This is the kind of news story that makes me think Europe in general, and Great Britain in particular, have no future. Nick Clegg, a Liberal Democrat who serves as deputy prime minister in David Cameron’s coalition government, promises to “get tough” on private sector executives who earn too much money:
The government will publish new proposals to “get tough” on excessive pay in January, the deputy prime minister said. Among likely steps is widening the membership of remuneration committees, which set pay, to include workers.
Clegg is talking here about private corporations. Like American companies, their boards of directors have compensation committees that make recommendations about remuneration of senior executives. If their decisions or recommendations are too lavish, the company’s shareholders have a legitimate complaint. But no one else does. If you aren’t one of the owners of the company, your opinion is irrelevant. How much the company’s executives (or any other employees) earn is none of your business.
Recent figures showed executive pay at Britain’s biggest firms rose 50 per cent in the last year, taking the average pay for a FTSE 100 director to just short of £2.7m.
I am not sure what it takes to be an FTSE 100 director–I take it that these are CEOs or other senior executives of Britain’s largest companies–but $4 million a year is plenty of money. On the other hand, it is a great deal less than what David Beckham ($49 million per year) or Wayne Rooney ($15 million, not counting endorsements, etc.) makes. Why are the salaries of executives of private companies any more the government’s business than the salaries and endorsement deals of athletes?
“Just as we have been quite tough on unsustainable and unaffordable things in the public sector, we now need to get tough on irresponsible behaviour of top remuneration of executives in the private sector,” he said.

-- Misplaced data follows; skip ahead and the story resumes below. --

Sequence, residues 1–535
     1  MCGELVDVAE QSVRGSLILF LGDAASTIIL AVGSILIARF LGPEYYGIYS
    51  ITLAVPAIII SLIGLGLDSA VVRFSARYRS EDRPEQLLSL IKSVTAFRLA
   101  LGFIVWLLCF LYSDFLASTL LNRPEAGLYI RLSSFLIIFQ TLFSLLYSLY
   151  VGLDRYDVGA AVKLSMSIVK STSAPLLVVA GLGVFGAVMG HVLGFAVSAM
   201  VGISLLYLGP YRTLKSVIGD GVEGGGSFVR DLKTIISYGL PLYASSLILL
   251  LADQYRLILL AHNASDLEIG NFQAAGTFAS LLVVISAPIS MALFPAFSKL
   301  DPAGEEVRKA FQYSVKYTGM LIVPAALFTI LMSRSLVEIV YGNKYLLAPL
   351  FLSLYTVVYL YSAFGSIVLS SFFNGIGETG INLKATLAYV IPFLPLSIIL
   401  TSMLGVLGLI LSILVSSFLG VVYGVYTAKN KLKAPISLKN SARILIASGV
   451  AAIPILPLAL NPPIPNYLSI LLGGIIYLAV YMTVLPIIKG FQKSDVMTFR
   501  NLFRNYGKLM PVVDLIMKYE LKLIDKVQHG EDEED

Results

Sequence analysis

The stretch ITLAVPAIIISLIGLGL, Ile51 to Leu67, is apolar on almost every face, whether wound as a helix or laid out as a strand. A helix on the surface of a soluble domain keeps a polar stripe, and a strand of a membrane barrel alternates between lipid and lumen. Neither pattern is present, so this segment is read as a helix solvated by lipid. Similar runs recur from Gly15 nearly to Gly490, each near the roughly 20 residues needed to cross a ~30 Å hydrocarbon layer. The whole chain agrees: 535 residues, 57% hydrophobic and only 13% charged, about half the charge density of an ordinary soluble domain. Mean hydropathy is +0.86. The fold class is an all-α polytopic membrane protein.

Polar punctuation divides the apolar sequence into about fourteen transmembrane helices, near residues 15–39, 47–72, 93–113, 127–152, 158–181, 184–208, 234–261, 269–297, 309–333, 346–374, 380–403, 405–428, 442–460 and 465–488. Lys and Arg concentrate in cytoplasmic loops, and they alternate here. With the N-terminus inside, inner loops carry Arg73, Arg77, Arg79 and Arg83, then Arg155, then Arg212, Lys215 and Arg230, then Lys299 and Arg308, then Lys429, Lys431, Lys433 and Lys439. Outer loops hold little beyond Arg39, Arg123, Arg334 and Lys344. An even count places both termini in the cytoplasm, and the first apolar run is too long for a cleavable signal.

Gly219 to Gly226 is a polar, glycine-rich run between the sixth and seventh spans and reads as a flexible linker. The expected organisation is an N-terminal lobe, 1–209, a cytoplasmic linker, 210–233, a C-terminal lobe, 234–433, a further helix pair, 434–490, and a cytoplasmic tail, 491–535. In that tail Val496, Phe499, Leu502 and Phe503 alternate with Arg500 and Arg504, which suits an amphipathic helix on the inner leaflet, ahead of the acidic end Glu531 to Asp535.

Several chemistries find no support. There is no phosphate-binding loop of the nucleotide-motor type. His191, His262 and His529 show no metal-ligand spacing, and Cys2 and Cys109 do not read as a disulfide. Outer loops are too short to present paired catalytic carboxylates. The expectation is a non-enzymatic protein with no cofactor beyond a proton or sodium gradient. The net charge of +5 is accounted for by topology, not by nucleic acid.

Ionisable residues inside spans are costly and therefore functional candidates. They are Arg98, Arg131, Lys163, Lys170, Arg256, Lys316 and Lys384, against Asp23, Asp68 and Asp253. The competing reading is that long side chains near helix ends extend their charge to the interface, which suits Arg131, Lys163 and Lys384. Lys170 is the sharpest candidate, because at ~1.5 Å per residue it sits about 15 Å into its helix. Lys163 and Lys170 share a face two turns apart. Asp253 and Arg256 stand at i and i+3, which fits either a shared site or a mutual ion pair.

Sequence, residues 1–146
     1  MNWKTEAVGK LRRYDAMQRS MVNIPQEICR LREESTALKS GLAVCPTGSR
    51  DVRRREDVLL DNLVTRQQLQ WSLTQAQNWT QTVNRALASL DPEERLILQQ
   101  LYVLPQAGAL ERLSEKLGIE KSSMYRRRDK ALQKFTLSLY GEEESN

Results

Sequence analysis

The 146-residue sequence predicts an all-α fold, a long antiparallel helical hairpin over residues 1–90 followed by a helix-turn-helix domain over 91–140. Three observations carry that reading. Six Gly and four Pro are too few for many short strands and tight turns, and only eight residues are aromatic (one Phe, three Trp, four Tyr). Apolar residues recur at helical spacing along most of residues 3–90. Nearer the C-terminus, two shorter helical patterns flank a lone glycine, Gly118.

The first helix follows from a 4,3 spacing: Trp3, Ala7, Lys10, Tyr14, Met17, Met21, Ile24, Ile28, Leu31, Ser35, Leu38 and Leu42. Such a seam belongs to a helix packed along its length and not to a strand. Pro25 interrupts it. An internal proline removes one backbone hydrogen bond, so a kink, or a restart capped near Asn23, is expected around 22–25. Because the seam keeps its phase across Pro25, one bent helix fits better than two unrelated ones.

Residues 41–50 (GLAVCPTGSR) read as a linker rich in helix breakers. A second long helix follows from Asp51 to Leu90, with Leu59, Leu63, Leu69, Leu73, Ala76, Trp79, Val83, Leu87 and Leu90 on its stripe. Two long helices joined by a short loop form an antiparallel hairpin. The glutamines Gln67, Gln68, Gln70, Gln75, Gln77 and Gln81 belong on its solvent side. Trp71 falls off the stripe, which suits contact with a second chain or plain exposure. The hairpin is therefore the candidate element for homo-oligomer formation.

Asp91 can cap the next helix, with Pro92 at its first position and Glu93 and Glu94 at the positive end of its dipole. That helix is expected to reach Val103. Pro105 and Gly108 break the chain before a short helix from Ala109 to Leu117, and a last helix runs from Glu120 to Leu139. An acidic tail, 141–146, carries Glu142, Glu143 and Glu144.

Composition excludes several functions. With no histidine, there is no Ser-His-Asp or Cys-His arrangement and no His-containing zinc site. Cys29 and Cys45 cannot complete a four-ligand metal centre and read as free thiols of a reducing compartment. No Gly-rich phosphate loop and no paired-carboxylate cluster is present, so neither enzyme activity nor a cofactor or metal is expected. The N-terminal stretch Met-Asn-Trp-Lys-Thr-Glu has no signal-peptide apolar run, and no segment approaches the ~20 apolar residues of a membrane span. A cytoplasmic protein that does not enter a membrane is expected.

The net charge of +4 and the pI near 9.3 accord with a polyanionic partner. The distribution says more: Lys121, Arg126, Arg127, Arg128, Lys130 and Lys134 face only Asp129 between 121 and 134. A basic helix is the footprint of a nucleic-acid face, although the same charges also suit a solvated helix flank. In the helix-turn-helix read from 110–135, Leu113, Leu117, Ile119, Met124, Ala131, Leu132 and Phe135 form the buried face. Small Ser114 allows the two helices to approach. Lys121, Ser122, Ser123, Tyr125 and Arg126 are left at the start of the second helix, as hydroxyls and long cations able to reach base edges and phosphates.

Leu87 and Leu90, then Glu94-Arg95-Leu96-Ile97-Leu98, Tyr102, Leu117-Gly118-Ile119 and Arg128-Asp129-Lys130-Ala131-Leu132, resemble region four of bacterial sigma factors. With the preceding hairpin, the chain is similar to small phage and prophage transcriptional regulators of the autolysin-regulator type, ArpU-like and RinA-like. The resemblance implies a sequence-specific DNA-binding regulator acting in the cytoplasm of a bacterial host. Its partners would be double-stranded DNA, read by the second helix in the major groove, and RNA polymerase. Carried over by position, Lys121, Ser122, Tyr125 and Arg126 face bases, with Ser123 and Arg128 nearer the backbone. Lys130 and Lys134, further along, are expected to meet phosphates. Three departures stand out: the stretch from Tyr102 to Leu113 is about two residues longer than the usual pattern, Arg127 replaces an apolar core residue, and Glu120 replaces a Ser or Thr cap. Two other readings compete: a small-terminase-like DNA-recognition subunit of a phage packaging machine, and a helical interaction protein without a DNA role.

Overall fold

Who is “we?” The British government is all about managing the public sector; that is what it is elected to do. But since when does the government have an interest in the wages of private sector employees, who by definition don’t work for the government?
Mr Clegg said the public sector could not be seen to do “all the heavy lifting” when it came to the government’s austerity programme and the private sector had to contribute as well.
“I think we need to make sure that people in the public sector do not feel that they are doing all the heavy lifting.
“That people who are in a sense living by completely different rules in the private sector are also held to account.”
Where to begin? The British government has embarked on an austerity program because it is deep in debt. Any given private company may or may not be in need of an austerity program; some are in clover. There is no connection between the two. For what it is worth, assuming that the British personal income tax structure is anywhere near as progressive as ours, beating down the incomes of top earners will worsen, not improve, the government’s fiscal status.
Clegg’s deep ignorance continues:
Shareholders were too often given a “blizzard of information” about pay, and had their opinions ignored, Mr Clegg added.
“Shareholders should be given a proper say. They own the companies after all,” he added.
Exactly. So what does the government have to do with it? If a shareholder lacks confidence in a company’s management for any reason, including this one, he should sell his shares. But shareholders are largely pension plans, mutual funds, etc., and they are well able to make their concerns known if they are unhappy with the company’s compensation decisions. If only voters had as much influence over public sector pay scales, which vastly exceed the compensation available in the private sector!
This kind of fuzzy thinking–really, willful ignorance–is not unique to Europe. Unfortunately, quite a few Americans also believe that their neighbors’ incomes are, somehow, their business.